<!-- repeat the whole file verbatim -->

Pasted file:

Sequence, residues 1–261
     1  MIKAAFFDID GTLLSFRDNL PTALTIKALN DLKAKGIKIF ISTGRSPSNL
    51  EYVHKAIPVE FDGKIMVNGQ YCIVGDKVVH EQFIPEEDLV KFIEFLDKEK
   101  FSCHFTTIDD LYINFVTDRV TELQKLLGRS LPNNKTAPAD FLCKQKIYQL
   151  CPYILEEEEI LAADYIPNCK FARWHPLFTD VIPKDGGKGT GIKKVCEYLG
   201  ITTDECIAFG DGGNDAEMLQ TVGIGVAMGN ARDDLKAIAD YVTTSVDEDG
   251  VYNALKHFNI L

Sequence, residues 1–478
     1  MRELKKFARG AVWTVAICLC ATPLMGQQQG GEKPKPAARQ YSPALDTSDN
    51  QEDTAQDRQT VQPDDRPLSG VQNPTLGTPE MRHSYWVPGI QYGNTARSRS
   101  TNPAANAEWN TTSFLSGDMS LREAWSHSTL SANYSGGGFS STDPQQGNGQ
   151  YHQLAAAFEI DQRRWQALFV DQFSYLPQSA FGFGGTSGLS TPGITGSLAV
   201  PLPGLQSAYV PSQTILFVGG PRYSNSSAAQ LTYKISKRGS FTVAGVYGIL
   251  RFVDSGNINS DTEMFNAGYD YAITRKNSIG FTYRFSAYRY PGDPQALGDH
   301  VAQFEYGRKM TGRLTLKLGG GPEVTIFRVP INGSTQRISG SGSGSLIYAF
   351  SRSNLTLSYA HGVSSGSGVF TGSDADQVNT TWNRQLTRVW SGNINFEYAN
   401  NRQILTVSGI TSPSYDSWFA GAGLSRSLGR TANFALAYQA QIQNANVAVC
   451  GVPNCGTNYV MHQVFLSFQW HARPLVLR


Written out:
Sequence, residues 1–261
     1  MIKAAFFDID GTLLSFRDNL PTALTIKALN DLKAKGIKIF ISTGRSPSNL
    51  EYVHKAIPVE FDGKIMVNGQ YCIVGDKVVH EQFIPEEDLV KFIEFLDKEK
   101  FSCHFTTIDD LYINFVTDRV TELQKLLGRS LPNNKTAPAD FLCKQKIYQL
   151  CPYILEEEEI LAADYIPNCK FARWHPLFTD VIPKDGGKGT GIKKVCEYLG
   201  ITTDECIAFG DGGNDAEMLQ TVGIGVAMGN ARDDLKAIAD YVTTSVDEDG
   251  VYNALKHFNI L

Sequence, residues 1–478
     1  MRELKKFARG AVWTVAICLC ATPLMGQQQG GEKPKPAARQ YSPALDTSDN
    51  QEDTAQDRQT VQPDDRPLSG VQNPTLGTPE MRHSYWVPGI QYGNTARSRS
   101  TNPAANAEWN TTSFLSGDMS LREAWSHSTL SANYSGGGFS STDPQQGNGQ
   151  YHQLAAAFEI DQRRWQALFV DQFSYLPQSA FGFGGTSGLS TPGITGSLAV
   201  PLPGLQSAYV PSQTILFVGG PRYSNSSAAQ LTYKISKRGS FTVAGVYGIL
   251  RFVDSGNINS DTEMFNAGYD YAITRKNSIG FTYRFSAYRY PGDPQALGDH
   301  VAQFEYGRKM TGRLTLKLGG GPEVTIFRVP INGSTQRISG SGSGSLIYAF
   351  SRSNLTLSYA HGVSSGSGVF TGSDADQVNT TWNRQLTRVW SGNINFEYAN
   401  NRQILTVSGI TSPSYDSWFA GAGLSRSLGR TANFALAYQA QIQNANVAVC
   451  GVPNCGTNYV MHQVFLSFQW HARPLVLR